Roles. one that like everybody needs, do you have like organization roles? You're a member of an org. Do you have like project level roles where you additionally be an admin on a project and that gives you some extra granularity. Sharing, which is something you often implement with roles.
Like of these under the hood look very simply different. It's just like a relationship that you have with a particular resource, but we've just found that people like to think in terms of like the features or the patterns they're familiar with rather than kind of graph based relational logic and things like that.
[00:21:01] John Britton:
[00:21:02] Sam Scott (Oso):
So that's modeling. On the enforcement side of this, so we're talking about like, how do you integrate this with your application? This kind of comes to the sort of client SDKs or libraries that we build out. We found that there is fundamentally two, again, like two, kind of low level primitives that you, need in this.
There's the manipulation of the data. So reading and writing data. So this is, telling Oso that a user has a particular role in an organization then reading that back and then there's like the authorization querying that comes around that, is, given all the data, I told you, given all the logic that I've told you can a user read this document?" And so we have a query interface that allows you to ask that kind of question.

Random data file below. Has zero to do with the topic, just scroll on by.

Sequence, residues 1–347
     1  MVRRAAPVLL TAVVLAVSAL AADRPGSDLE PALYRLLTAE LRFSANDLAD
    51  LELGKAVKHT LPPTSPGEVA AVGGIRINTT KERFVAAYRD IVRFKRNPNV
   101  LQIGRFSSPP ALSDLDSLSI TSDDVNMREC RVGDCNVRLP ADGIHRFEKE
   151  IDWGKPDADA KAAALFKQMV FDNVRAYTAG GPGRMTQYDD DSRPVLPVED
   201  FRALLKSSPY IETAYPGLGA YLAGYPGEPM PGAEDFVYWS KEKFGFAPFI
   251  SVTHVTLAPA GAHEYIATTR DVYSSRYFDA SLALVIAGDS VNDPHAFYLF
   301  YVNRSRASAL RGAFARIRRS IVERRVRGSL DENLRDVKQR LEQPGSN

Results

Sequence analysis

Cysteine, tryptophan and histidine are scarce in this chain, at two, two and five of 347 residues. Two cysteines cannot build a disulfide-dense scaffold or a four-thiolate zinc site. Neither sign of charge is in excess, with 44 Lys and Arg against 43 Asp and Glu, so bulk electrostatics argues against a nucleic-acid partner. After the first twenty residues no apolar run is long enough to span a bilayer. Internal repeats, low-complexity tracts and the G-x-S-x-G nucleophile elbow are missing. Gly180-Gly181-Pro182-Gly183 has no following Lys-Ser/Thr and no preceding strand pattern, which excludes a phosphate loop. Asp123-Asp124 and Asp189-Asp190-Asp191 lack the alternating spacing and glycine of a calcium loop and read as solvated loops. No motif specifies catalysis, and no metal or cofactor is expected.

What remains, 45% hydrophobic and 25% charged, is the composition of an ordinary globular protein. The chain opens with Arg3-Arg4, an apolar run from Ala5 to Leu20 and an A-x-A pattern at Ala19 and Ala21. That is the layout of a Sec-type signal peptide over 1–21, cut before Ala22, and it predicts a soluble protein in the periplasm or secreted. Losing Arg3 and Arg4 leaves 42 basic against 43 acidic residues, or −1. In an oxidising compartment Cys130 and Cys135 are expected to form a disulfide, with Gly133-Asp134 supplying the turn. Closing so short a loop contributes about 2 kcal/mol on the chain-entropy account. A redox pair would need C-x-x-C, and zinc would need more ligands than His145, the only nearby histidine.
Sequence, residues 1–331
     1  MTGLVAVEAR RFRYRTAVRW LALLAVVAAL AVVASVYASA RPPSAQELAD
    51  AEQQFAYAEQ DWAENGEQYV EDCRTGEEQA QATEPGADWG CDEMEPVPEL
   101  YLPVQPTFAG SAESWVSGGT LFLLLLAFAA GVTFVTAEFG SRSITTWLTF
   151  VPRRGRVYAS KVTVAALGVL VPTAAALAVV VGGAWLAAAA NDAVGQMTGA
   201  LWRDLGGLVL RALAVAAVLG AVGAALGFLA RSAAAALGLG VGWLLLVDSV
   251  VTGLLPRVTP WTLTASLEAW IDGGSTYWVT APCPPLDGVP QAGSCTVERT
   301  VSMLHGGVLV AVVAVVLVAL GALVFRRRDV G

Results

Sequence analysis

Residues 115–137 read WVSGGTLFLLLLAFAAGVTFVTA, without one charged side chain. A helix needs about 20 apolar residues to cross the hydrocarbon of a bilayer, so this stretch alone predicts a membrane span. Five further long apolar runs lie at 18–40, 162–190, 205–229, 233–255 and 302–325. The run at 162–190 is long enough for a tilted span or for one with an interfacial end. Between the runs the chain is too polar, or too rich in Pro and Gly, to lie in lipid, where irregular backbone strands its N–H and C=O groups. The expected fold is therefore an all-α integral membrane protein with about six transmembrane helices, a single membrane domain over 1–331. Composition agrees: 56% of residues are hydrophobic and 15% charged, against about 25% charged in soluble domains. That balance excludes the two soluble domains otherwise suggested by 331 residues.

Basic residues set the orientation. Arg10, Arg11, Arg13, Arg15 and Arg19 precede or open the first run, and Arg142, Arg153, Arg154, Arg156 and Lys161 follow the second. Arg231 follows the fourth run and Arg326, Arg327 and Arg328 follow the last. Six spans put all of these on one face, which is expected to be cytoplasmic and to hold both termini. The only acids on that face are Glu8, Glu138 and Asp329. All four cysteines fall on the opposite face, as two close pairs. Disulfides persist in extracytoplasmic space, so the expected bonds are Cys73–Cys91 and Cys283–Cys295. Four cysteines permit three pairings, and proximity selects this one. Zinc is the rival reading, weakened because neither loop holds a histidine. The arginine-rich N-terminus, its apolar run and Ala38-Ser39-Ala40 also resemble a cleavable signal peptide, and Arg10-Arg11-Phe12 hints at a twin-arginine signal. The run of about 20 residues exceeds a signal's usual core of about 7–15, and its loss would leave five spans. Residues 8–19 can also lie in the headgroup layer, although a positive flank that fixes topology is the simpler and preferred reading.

Now those themselves are actually pretty, those are like incredibly flexible primitives in that you can query, not just, "can you read this document?" But you can say, "what are all the documents you can read?" You can say, "what are all the things you can do on this document?" You say, "what are all the users that have to read this document?" can compose all the different kinds of, authorization questions you might want to ask.
[00:22:00] John Britton:
So, you're not forcing them into one way of approaching the problem. You can say, you're rendering a page. What actions can this user do? Now you have a list of actions.
Not for each action you might want to do on the page. You have a conditional statement.
[00:22:11] Sam Scott (Oso):
Precisely, because, that's the thing, so, you need it in all those different places like authorization, the enforcement happens, all those different points. And so yeah, you wanna build that responsive UI that uses that authorization data. If you can get back yet, the user can read, but not delete this document. And you can hide or gray out, the delete button and you've got this like really rich authorization interface.